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Can someone please explain this function to me?

A mask with the least significant n bits set to 1.


n = 6 --> 0x2F, n = 17 --> 0x1FFFF // I don't get these at all, especially how n = 6 --> 0x2F

Also, what is a mask?

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also what is a mask? How about Wikipedia? –  chris Sep 14 '12 at 0:34
The 0x2F is wrong by the way, it should be 0x3f –  wich Sep 14 '12 at 0:36
@chris wiki is too confusion... –  sebi Sep 14 '12 at 0:39

4 Answers 4

The usual way is to take a 1, and shift it left n bits. That will give you something like: 00100000. Then subtract one from that, which will clear the bit that's set, and set all the less significant bits, so in this case we'd get: 00011111.

A mask is normally used with bitwise operations, especially and. You'd use the mask above to get the 5 least significant bits by themselves, isolated from anything else that might be present. This is especially common when dealing with hardware that will often have a single hardware register containing bits representing a number of entirely separate, unrelated quantities and/or flags.

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Keep in mind that going 1 << w - 1, where w is the width of the data type, to set all but one of the bits, is UB. –  chris Sep 14 '12 at 0:37
Exactly. Blame it on Intel, but it made it to the standard. –  wildplasser Sep 14 '12 at 0:38

A mask is a common term for an integer value that is bit-wise ANDed, ORed, XORed, etc with another integer value.

For example, if you want to extract the 8 least significant digits of an int variable, you do variable & 0xFF. 0xFF is a mask.

Likewise if you want to set bits 0 and 8, you do variable | 0x101, where 0x101 is a mask.

Or if you want to invert the same bits, you do variable ^ 0x101, where 0x101 is a mask.

To generate a mask for your case you should exploit the simple mathematical fact that if you add 1 to your mask (the mask having all its least significant bits set to 1 and the rest to 0), you get a value that is a power of 2.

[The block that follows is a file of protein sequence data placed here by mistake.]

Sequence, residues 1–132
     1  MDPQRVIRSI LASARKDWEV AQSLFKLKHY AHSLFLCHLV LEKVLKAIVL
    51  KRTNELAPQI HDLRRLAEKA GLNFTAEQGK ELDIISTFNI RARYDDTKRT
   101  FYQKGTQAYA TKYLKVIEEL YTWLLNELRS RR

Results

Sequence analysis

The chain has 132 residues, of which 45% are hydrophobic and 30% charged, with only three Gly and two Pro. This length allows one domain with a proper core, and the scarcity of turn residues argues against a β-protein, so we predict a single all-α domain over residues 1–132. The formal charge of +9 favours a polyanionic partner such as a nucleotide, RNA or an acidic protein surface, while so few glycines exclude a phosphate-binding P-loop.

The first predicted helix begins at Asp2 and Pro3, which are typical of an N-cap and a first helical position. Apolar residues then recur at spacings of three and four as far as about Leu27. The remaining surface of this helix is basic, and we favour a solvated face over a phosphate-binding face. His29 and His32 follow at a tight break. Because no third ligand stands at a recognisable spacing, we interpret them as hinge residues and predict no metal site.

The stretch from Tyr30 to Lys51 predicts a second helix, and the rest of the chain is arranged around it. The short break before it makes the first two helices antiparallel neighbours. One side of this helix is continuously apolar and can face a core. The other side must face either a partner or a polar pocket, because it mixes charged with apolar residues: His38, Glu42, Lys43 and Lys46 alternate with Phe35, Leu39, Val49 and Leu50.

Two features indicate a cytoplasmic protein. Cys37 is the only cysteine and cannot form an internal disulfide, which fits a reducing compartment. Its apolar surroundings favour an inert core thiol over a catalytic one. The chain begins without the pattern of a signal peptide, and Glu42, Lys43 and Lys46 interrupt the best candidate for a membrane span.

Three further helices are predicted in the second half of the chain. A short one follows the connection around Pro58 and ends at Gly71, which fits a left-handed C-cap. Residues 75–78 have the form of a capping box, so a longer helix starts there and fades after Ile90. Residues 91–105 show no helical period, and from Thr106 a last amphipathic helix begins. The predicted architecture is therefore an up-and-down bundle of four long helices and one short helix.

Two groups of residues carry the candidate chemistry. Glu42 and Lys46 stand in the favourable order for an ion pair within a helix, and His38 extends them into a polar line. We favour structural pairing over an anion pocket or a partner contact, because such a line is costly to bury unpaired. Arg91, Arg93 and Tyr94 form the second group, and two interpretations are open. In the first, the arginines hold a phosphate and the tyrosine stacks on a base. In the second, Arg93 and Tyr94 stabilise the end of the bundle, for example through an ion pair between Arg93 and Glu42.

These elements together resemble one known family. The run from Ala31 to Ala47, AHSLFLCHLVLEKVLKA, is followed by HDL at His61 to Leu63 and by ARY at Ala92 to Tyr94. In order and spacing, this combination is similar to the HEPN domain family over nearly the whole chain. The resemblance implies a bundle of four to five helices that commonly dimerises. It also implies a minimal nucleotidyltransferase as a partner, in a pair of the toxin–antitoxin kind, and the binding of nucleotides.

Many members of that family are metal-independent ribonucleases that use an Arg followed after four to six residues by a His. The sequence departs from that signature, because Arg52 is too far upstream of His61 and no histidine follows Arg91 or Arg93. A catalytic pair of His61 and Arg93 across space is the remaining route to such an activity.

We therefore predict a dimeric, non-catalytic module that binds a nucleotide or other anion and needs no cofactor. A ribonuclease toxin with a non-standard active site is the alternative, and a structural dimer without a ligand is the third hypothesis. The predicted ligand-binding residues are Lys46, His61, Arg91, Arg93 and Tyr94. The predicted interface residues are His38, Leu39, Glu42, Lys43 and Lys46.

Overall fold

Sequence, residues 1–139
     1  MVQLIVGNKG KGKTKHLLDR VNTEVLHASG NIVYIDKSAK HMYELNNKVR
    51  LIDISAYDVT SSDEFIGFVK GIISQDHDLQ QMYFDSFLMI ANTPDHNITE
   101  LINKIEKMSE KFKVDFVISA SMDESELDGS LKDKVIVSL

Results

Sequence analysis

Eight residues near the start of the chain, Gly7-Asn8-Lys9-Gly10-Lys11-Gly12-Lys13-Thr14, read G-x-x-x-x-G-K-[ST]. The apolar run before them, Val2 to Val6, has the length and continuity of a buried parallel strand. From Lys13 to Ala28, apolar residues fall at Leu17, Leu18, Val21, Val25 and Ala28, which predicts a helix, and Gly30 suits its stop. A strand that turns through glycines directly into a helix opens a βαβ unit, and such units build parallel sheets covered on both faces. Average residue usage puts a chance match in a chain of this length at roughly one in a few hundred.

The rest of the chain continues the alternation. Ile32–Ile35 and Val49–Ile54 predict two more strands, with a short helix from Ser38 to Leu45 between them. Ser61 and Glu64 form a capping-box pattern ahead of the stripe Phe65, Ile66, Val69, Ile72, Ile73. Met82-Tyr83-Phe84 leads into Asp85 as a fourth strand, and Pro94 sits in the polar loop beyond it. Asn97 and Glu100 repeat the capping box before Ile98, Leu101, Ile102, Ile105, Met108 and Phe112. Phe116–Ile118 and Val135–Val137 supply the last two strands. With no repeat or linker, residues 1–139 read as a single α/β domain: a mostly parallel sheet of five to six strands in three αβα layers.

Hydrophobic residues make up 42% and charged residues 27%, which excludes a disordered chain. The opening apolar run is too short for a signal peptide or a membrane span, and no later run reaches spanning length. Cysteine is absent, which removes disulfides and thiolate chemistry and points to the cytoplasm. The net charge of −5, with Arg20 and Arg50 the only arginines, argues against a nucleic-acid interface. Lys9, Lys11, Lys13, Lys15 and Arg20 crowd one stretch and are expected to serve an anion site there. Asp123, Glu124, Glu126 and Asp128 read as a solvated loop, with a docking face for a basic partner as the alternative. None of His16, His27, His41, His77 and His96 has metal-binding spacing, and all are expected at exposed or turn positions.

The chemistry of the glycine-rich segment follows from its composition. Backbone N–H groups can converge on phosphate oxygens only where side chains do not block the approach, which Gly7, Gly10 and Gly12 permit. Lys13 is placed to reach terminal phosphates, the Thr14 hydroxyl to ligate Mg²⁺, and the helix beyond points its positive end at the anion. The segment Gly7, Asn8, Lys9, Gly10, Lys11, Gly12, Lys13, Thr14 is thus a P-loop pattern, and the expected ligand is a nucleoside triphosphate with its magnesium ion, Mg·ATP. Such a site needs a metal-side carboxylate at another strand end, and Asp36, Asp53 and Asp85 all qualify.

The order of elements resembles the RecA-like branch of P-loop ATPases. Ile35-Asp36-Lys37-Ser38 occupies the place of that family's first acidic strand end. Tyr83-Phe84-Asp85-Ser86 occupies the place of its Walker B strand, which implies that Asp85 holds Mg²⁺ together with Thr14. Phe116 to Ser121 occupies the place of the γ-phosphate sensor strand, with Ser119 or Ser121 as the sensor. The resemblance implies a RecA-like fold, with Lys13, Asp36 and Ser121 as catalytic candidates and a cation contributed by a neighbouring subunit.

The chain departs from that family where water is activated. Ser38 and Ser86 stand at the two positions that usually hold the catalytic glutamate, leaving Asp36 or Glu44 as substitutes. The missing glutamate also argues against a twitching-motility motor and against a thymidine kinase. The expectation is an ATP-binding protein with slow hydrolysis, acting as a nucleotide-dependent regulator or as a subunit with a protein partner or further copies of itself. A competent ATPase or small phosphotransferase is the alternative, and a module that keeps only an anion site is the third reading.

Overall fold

So, if you generate the closest power of 2, then you can subtract 1 from it to get the mask.

Positive powers of 2 are easily generated with the left shift << operator in C.

Hence, 1 << n yields 2n. In binary it's 10...0 with n 0s.

(1 << n) - 1 will produce a mask with n lowest bits set to 1.

Now, you need to watch out for overflows in left shifts. In C (and in C++) you can't legally shift a variable left by as many bit positions as the variable has, so if ints are 32-bit, 1<<32 results in undefined behavior. Signed integer overflows should also be avoided, so you should use unsigned values, e.g. 1u << 31.

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I believe your first example should be 0x3f.

0x3f is hexadecimal notation for the number 63 which is 111111 in binary, so that last 6 bits (the least significant 6 bits) are set to 1.

The following little C program will calculate the correct mask:

#include <stdarg.h>
#include <stdio.h>

int mask_for_n_bits(int n)
    int mask = 0;

    for (int i = 0; i < n; ++i)
        mask |= 1 << i;

    return mask;

int main (int argc, char const *argv[])
    printf("6: 0x%x\n17: 0x%x\n", mask_for_n_bits(6), mask_for_n_bits(17));
    return 0;
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0x2F is 0010 1111 in binary - this should be 0x3f, which is 0011 1111 in binary and which has the 6 least-significant bits set.

Similarly, 0x1FFFF is 0001 1111 1111 1111 1111 in binary, which has the 17 least-significant bits set.

A "mask" is a value that is intended to be combined with another value using a bitwise operator like &, | or ^ to individually set, unset, flip or leave unchanged the bits in that other value.

For example, if you combine the mask 0x2F with some value n using the & operator, the result will have zeroes in all but the 6 least significant bits, and those 6 bits will be copied unchanged from the value n.

In the case of an & mask, a binary 0 in the mask means "unconditionally set the result bit to 0" and a 1 means "set the result bit to the input value bit". For an | mask, an 0 in the mask sets the result bit to the input bit and a 1 unconditionally sets the result bit to 1, and for an ^ mask, an 0 sets the result bit to the input bit and a 1 sets the result bit to the complement of the input bit.

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Ops. Got the wrong edit after your update, but I did rollback. Sorry! –  jweyrich Sep 14 '12 at 0:44

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